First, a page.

Concerning your first point, how are you coming to that conclusion? Max’s attorney needed to raise reasonable doubt by giving the jury an alternate murderer and Bones knew that the hard evidence meant that only she could be reasonably consider as that alternate. The defense attorney called member’s of Bones team back to the stand to simply confirm the hard evidence in the case. This is not supporting her theory but rather simply confirming the truth of the evidence.

I think the emotions that Booth registers while on the stand is not a realization that Bones could be the murder or that Max might be getting off but rather a sadness that his partner and friend and someone he loves is now going to be wrongly consider as a possible murderer by the public.

As for the Blu-Rays of series, I was glad to see that season for is going to be released and I certainly hope that the back seasons follow shortly.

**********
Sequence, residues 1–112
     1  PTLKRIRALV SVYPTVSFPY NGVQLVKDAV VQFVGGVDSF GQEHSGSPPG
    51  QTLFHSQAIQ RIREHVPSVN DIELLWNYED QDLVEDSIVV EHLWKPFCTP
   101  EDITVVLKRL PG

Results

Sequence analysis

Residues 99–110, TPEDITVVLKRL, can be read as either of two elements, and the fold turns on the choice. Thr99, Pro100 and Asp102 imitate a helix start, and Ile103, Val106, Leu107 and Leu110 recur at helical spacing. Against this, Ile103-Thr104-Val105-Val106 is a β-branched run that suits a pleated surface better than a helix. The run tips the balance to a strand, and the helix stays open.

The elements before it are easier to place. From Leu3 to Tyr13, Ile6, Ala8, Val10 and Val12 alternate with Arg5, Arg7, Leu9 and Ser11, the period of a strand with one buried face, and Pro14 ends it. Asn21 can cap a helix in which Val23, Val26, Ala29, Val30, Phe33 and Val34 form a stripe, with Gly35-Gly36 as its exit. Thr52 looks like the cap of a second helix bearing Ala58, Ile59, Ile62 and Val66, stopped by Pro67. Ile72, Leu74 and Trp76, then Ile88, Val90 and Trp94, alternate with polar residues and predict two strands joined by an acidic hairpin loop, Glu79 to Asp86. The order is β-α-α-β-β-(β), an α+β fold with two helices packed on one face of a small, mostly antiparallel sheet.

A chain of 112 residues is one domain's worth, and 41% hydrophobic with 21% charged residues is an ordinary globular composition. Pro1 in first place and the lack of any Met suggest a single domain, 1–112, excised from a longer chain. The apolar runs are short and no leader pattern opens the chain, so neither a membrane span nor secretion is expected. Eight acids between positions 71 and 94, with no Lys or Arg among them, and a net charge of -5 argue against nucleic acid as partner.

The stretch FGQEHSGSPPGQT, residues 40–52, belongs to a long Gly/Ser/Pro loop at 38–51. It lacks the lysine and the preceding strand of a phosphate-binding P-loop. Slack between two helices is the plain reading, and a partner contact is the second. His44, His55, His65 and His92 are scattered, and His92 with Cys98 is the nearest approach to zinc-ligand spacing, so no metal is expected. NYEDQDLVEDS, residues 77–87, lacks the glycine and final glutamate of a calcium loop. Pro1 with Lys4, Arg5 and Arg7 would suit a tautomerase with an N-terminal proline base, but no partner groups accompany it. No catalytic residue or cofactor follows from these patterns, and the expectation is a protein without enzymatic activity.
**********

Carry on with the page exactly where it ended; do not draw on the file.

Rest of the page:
#133 of 133 OFFLINE   Johnny Angell

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Posted June 17 2009 - 02:51 AM

Quote:
Originally Posted by Patrick_S
Concerning your first point, how are you coming to that conclusion? Max’s attorney needed to raise reasonable doubt by giving the jury an alternate murderer and Bones knew that the hard evidence meant that only she could be reasonably consider as that alternate. The defense attorney called member’s of Bones team back to the stand to simply confirm the hard evidence in the case. This is not supporting her theory but rather simply confirming the truth of the evidence.